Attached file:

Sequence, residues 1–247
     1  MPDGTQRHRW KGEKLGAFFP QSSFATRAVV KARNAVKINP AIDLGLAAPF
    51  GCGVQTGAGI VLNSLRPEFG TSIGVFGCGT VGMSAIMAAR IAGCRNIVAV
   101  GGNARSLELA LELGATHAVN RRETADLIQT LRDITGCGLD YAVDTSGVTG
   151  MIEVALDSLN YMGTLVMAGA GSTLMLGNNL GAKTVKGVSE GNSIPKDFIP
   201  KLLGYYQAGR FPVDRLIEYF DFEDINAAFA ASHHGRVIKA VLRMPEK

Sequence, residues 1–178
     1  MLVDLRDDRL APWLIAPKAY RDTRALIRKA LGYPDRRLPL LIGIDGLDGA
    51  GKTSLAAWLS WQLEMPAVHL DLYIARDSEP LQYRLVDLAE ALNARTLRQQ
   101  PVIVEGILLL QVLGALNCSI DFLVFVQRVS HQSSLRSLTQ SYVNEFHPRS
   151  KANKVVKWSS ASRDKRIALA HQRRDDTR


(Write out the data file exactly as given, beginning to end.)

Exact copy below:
Sequence, residues 1–247
     1  MPDGTQRHRW KGEKLGAFFP QSSFATRAVV KARNAVKINP AIDLGLAAPF
    51  GCGVQTGAGI VLNSLRPEFG TSIGVFGCGT VGMSAIMAAR IAGCRNIVAV
   101  GGNARSLELA LELGATHAVN RRETADLIQT LRDITGCGLD YAVDTSGVTG
   151  MIEVALDSLN YMGTLVMAGA GSTLMLGNNL GAKTVKGVSE GNSIPKDFIP
   201  KLLGYYQAGR FPVDRLIEYF DFEDINAAFA ASHHGRVIKA VLRMPEK

Sequence, residues 1–178
     1  MLVDLRDDRL APWLIAPKAY RDTRALIRKA LGYPDRRLPL LIGIDGLDGA
    51  GKTSLAAWLS WQLEMPAVHL DLYIARDSEP LQYRLVDLAE ALNARTLRQQ
   101  PVIVEGILLL QVLGALNCSI DFLVFVQRVS HQSSLRSLTQ SYVNEFHPRS
   151  KANKVVKWSS ASRDKRIALA HQRRDDTR